Given Connecticut’s struggles in the paint Sunday’s matchup in Hartford seemed to set up as one in which these two could be productive. Miller and Judge (both starters) would combine to play just 30 minutes, finishing with two points and six rebounds on 1-of-5 shooting (all five shots taken by Judge) in the 66-54 loss.

Three Facts 

1. Northeastern expanded their lead in the CAA to three games with a 71-51 win over George Mason in Boston. Quincy Ford and Joel Smith scored 15 points apiece for the Huskies, who haven’t lost since December 29.

2. Lafayette handed Lehigh its first Patriot League loss on Sunday, shooting 70% from the field in the second half of their 78-57 victory at Lehigh. The win moves Fran O’Hanlon’s Leopards to within a game of Lehigh and Bucknell, who are now tied atop the Patriot League standings.

3. St. John’s is now 5-3 in Big East play, a record that has Steve Lavin’s team sitting in a tie for third place with Pittsburgh. D’Angelo Harrison scored 24 points and grabbed seven rebounds in the Red Storm’s 71-67 win over Seton Hall, and they also have the odds-on favorite for Big East Rookie of the Year in forward JaKarr Sampson.

Raphielle also writes for the NBE Basketball Report and can be followed on Twitter at @raphiellej.

Louisville challenges NCAA over recruiting allegations

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LOUISVILLE, Ky. — Louisville has refuted NCAA allegations against its men’s basketball program in the wake of a federal corruption scandal, requesting that the highest-level violation be reclassified.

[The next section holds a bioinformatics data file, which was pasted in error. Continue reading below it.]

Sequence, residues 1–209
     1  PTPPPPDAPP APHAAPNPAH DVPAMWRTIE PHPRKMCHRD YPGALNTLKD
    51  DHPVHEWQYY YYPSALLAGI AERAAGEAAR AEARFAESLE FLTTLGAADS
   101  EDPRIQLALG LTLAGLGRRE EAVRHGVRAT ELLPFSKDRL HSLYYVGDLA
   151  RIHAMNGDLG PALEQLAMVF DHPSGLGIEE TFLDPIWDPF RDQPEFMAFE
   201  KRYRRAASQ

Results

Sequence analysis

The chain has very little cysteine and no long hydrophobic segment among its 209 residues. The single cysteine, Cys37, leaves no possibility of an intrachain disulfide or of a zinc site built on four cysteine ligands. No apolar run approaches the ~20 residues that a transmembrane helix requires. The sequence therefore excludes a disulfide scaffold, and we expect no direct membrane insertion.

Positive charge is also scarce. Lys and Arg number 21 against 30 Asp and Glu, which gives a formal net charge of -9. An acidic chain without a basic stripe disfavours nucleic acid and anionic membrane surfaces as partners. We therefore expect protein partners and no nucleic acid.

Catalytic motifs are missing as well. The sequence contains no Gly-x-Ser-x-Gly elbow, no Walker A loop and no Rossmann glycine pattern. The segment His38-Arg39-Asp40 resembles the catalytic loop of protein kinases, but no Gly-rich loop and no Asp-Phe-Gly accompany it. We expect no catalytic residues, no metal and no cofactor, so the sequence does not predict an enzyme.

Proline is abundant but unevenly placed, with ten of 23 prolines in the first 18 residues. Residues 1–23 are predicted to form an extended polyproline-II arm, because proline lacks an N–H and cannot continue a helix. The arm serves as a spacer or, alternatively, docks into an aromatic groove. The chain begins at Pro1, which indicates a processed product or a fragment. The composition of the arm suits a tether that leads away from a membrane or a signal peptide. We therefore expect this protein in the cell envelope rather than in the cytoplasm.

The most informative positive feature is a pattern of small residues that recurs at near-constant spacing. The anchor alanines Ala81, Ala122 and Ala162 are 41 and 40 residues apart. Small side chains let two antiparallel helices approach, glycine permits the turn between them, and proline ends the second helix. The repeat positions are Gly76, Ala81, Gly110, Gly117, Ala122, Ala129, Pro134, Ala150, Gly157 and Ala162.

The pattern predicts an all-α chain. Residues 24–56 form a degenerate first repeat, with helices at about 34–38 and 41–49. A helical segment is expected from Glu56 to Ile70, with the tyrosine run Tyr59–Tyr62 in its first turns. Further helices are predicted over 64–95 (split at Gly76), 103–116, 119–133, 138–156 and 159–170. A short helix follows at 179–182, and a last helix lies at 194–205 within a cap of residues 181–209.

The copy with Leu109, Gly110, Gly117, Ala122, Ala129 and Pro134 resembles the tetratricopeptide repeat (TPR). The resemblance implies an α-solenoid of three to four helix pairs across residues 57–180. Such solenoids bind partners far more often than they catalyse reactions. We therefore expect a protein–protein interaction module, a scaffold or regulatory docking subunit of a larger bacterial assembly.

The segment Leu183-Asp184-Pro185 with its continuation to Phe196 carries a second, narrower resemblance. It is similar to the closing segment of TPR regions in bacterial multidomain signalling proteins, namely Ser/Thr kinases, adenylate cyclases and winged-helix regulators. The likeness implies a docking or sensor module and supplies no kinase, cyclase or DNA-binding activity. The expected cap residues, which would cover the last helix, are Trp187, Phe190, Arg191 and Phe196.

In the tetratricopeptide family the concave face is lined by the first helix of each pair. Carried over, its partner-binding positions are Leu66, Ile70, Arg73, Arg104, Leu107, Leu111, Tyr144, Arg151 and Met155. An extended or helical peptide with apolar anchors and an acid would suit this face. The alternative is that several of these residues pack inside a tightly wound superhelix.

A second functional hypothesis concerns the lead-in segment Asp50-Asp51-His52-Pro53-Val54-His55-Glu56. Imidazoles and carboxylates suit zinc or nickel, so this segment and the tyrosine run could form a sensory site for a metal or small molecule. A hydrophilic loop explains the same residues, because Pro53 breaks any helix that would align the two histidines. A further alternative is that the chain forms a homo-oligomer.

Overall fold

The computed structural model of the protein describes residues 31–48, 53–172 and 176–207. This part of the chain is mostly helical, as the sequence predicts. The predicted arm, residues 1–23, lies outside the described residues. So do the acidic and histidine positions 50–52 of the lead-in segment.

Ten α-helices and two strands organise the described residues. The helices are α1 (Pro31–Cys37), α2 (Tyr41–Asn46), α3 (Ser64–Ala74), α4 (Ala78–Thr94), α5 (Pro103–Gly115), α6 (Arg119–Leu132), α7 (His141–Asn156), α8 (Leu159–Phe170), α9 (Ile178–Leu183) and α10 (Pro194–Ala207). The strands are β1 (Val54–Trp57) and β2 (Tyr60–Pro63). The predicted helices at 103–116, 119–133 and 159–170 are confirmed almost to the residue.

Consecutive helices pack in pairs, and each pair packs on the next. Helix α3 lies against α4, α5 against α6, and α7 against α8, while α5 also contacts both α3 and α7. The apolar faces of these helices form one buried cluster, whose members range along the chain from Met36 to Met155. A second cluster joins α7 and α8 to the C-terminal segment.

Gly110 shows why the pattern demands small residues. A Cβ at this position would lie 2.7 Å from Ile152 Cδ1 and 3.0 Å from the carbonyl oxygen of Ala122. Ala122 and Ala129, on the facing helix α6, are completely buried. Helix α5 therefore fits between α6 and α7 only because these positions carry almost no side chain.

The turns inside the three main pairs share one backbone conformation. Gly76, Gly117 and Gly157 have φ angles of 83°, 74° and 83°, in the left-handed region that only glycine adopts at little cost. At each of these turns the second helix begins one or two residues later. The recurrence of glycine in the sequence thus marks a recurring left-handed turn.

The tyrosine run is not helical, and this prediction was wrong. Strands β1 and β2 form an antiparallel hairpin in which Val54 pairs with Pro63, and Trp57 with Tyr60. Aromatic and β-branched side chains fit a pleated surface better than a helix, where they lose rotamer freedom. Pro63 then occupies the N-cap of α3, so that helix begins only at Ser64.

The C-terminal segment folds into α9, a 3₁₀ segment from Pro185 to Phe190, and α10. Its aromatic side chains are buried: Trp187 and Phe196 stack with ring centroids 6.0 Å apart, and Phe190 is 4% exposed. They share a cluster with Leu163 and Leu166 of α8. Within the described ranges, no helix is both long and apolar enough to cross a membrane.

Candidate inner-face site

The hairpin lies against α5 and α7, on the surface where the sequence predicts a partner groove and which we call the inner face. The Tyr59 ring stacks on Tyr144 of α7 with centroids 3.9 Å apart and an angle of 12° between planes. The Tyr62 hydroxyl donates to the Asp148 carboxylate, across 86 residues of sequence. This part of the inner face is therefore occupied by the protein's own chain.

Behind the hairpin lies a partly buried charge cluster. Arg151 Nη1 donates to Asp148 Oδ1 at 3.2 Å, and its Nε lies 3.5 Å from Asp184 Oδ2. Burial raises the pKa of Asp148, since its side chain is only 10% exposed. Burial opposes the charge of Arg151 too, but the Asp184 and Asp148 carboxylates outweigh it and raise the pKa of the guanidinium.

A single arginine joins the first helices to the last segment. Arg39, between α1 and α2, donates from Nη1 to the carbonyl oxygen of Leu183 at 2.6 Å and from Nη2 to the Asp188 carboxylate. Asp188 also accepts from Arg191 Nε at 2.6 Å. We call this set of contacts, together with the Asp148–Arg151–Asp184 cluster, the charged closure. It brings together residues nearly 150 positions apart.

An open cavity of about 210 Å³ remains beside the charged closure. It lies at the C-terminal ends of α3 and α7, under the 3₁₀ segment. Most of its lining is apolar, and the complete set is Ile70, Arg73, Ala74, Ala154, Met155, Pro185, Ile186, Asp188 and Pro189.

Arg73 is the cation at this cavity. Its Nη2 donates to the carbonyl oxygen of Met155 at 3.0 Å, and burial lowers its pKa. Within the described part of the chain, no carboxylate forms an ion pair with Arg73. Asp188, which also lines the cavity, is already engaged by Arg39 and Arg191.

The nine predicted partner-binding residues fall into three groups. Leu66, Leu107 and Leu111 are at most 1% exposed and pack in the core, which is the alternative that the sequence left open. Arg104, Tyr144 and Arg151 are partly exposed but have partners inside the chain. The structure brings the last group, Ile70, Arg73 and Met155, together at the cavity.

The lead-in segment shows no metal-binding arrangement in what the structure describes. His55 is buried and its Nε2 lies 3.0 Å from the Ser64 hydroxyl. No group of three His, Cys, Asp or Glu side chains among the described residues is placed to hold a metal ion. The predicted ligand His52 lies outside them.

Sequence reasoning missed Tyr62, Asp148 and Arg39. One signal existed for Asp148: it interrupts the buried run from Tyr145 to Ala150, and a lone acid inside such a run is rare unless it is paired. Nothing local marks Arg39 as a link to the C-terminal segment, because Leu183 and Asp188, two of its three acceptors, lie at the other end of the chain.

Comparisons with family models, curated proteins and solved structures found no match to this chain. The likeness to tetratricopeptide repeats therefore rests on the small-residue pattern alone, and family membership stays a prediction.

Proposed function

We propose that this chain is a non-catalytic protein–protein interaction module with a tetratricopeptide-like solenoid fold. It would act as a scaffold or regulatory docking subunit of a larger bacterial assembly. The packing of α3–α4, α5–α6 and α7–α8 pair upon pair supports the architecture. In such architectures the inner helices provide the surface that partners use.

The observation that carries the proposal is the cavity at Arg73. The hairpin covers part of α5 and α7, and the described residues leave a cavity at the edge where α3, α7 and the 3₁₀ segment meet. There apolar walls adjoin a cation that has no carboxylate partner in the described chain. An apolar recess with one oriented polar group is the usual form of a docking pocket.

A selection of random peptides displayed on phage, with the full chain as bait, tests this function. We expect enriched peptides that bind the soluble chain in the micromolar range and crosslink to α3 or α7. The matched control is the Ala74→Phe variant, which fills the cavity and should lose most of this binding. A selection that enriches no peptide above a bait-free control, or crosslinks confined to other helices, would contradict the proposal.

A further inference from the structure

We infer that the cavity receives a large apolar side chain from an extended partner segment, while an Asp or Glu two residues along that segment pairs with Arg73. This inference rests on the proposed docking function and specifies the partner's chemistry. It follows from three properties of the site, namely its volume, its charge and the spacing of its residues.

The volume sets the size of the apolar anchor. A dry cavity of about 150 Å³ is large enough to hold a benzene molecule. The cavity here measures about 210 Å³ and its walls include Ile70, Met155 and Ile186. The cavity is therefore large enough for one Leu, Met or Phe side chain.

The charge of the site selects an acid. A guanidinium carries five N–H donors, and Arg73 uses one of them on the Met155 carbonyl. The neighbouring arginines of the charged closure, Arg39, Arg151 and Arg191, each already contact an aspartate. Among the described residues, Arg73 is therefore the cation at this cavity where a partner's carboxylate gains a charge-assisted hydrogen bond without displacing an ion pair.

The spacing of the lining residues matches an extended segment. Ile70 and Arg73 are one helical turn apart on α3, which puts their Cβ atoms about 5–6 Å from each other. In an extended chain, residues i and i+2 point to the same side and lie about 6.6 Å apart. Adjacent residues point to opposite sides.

The university also is challenging that former coach Rick Pitino failed to promote an atmosphere of compliance in his program.

Louisville filed a 104-page response last week to the Notice Of Allegations sent to the school in May. The document stated that college sports’ governing body seeks to ignore wire fraud convictions against several people involved in the scheme – including a former Adidas executive – by suggesting they were representing its athletic interests. Louisville’s contract with the apparel maker was a standard sponsorship agreement rather than a promotional deal, the response added.

“This argument is as novel as it is wrong,” the school wrote in its response. “Even if an institution has some responsibility for the conduct of its suppliers, that responsibility plainly does not extend to acts of fraud perpetrated against the institution itself.”

Louisville also seeks to have several second-tier violations reclassified even lower. The NCAA has until Nov. 15 to respond with the school responding 15 days after before a decision is made whether the case will proceed through the traditional Committee on Infractions or Independent Accountability Review Process (IARP).

The NCAA’s Notice of Allegations states that Louisville committed a Level I violation, considered the most severe, with an improper recruiting offer and extra benefits along with several lesser violations. Those lesser violations also include Pitino failing to promote an atmosphere of compliance.

The NCAA notice completed a two-year investigation following a federal corruption probe of college basketball announced in September 2017. Louisville acknowledged its involvement in the federal investigation related to the recruitment of former player Brian Bowen II. Pitino, who’s now coaching Iona, was not named in the federal complaint and has consistently denied authorizing or having knowledge of a payment to a recruit’s family.

Louisville has previously indicated it would accept responsibility for violations it committed but would contest allegations it believed were not supported by facts. The school also noted corrective measures taken in the scandal’s immediate aftermath, such as suspending and then firing Pitino and athletic director Tom Jurich.